To create a successful product, three functions must come together: engineering, design and product, much like a three-legged stool.  If one function is broken, you are unlikely to have a great product.

three-legged-stool

For this partnership to work, each function has its role.  It’s the Product person’s job to articulate the “why”, and Design and Engineering to figure out the “what” and “how”, respectively.  Some tension is natural.  My philosophy is that some heated debate is healthy.  No one should take things personally, since debates push more clear thinking and help flesh ideas out.

In terms of Product’s “why’s”, it’s the Product person’s job to answer a few questions:

  • Why are we building this product?
  • Who are we targeting?
  • What is the market landscape?  Who are the players in this space?

It’s Design’s role to articulate the “what”.

  • What’s the overall user experience? In the case of a mobile app, this ranges from the onboarding experience to navigation to rewards to sharing with others.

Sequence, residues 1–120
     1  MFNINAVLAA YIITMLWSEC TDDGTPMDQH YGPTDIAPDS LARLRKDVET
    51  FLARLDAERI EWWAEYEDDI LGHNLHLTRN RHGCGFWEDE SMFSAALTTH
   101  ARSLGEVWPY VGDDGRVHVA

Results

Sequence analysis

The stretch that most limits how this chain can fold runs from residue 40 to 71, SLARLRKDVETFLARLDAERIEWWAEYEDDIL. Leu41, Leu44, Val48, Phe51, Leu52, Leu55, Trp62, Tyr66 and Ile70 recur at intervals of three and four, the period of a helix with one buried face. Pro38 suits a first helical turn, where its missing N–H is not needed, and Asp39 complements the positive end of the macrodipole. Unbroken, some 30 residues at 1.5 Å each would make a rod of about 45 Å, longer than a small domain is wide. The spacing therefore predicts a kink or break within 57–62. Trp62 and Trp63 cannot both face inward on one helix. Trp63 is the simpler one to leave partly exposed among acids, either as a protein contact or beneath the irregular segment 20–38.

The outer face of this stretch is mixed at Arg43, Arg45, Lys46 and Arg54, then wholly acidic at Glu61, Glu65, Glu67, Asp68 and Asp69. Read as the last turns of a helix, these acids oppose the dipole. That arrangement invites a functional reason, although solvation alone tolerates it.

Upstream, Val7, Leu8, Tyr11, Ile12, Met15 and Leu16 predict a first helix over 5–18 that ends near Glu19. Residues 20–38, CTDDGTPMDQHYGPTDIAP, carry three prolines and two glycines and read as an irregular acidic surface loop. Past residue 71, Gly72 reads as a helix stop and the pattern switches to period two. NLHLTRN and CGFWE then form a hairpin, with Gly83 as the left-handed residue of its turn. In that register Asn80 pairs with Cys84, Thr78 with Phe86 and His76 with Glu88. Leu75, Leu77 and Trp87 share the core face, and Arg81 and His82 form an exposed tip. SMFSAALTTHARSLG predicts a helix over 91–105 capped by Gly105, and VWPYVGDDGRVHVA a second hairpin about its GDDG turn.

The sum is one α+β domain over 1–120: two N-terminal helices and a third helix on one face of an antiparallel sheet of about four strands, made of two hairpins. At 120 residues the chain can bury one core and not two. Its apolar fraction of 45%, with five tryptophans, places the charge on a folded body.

• Visual design – from color palette, font selections, etc.

It’s Engineering’s role on “how” is to determine the technology stack that can accomplish said product.  Engineering should be primarily concerned with performance, scalability, and flexibility (tweaking features as a product finds product-market fit).

I mentioned three functions above, not three people.  In some cases, it’s necessary for someone to take on multiple roles.  This is often the case for new products, when someone has a new idea and wants to prototype a product, or even launch an MVP.

I’ve worked in a number of startups and bigger corporations that don’t have a designer on staff. I take on the role of an interaction designer and then seek out the support of a visual designer.  That’s never ideal but is necessary to move projects forward.

While I did not explicitly include a QA lead in the paradigm, this role is often combined with engineering.  Bringing a QA lead into the discussion early is always helpful as he or she often helps identify failure use cases based on experience with other products.

Regardless of how many people you have to get started on a project, having a strong Product person who can articulate a clear vision on “why” we are building this product is crucial.  Without one or someone to take on that role, you may not be building the right product to begin with.